Don’t we all remember our childhood when our parents gave us little rewards (read chocolates for me) for small accomplishments? Little did we think that these supposedly small rewards are conditioning the human mind towards what is commonly referred to as performance-based rewards.
Today, performance-based rewards are used worldwide to incentivize the workforce to deliver performance or focus on some priority behaviors. Depending on what outcomes the organizations desire, they use different levers to structure this variable component of employee’s total compensation. These levers are also used to distinguish various levels of employee performance and inherently assume that high performers get paid more than their counterparts with lesser levels of performance, thereby bringing the “Pay for Performance” philosophy to life.
A recent research study conducted by the CEB through their Human Resource Leadership Council highlights that employees who effectively demonstrate their organizations’ priority behaviors achieve results-based performance scores that are 40% higher and are 13% more sustainable than their peers who do not effectively demonstrate these priority behaviors. Therefore, while performance rewards can provide an immediate impetus to the results or priority behaviors, in the short run, sometimes they may struggle to achieve their objective over a long period of time.
Therefore to have performance based reward programs that work, the following imperatives need to be carefully considered:
- Imperative 1: Make the priority behaviors more actionable and results crisply and clearly defined. Organizations shouldn’t forget that some behaviors that they expect from employees may be mutually exclusive of one another. For example you cannot expect innovation and process adherence at the same time. You can rarely be both innovating and adhering to the processes. Therefore clearly defining what is important, when and for whom will make it sustainable.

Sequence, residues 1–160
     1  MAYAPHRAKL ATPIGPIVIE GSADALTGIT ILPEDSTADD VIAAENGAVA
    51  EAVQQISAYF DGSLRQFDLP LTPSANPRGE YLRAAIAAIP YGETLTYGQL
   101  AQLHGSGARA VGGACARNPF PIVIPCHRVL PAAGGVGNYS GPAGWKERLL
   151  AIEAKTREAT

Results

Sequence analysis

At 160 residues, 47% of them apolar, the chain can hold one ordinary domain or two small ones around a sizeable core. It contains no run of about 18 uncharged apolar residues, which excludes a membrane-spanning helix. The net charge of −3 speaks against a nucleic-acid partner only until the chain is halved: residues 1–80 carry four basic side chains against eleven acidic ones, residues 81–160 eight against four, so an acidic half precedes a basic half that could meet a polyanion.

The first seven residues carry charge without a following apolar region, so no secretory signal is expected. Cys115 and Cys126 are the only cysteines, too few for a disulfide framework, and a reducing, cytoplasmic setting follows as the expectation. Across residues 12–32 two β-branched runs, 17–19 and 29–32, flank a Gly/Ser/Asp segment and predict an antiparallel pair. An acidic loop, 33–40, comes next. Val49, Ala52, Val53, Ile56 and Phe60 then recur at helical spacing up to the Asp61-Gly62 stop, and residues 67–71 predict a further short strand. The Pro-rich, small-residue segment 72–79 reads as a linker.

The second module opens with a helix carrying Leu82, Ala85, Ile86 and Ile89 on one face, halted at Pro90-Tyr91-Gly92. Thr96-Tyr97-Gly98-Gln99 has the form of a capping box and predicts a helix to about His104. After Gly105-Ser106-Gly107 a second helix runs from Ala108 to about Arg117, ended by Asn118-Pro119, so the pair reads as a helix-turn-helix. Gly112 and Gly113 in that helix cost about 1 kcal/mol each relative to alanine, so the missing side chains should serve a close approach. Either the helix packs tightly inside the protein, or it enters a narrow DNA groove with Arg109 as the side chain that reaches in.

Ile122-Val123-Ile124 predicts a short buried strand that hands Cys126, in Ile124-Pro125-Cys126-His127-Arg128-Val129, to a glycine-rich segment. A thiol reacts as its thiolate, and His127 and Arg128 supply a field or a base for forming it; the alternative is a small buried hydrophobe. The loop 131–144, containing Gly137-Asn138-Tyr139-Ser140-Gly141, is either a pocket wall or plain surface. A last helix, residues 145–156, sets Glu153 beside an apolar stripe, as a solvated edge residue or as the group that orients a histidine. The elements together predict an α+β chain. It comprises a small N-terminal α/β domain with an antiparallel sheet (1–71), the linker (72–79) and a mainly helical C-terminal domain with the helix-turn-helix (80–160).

- Imperative 2: Clearly articulate the connection between the priority behaviors and pay-out of the performance rewards. It is important for employees to see clear linkages between behaviors and various components of compensation. They need to clearly understand what impacts their merit increases (fixed salary increases) and how their variable compensation (performance incentives) gets paid out.
- Imperative 3: Manage Incentivized behaviors as a portfolio. Careful considerations during the design stage can reveal how some of the incentivized behaviors could impact some of the other desirable behaviors adversely. Therefore, plans which incentivize one behavior at the expense of other should be strongly discouraged.
- Imperative 4: Tailoring performance incentives to key employee segments. In this day and age of differentiating and customizing, no one size fits all. The key is to differentiate and make the performance incentives relevant for various groups. Therefore, as you design your incentive program, segment your employees to clearly identify the priority behaviors expected of them and structure your plan accordingly.
- Imperative 5: Use Incentives to permeate behaviors in culture and processes. To ensure your incentive plans are sustainable, use them to embed priority behaviors in the culture and processes of the organizations. This enables organizations to make a fundamental cultural change thereby making the priority behavior the new norm. Once this has permeated in to the culture, the organizations can comfortably use the performance incentives to focus on other priority behaviors.
Therefore all said, performance incentives are here to stay. Careful consideration and diligence at the time of designing can ensure these plans are fair, exciting and truly differentiating for your people both in the short and the long-term.
This article is a part of the People Matters- Oracle Let's Talk Talent series. Click here to visit the Let's talk talent page to read more such articles.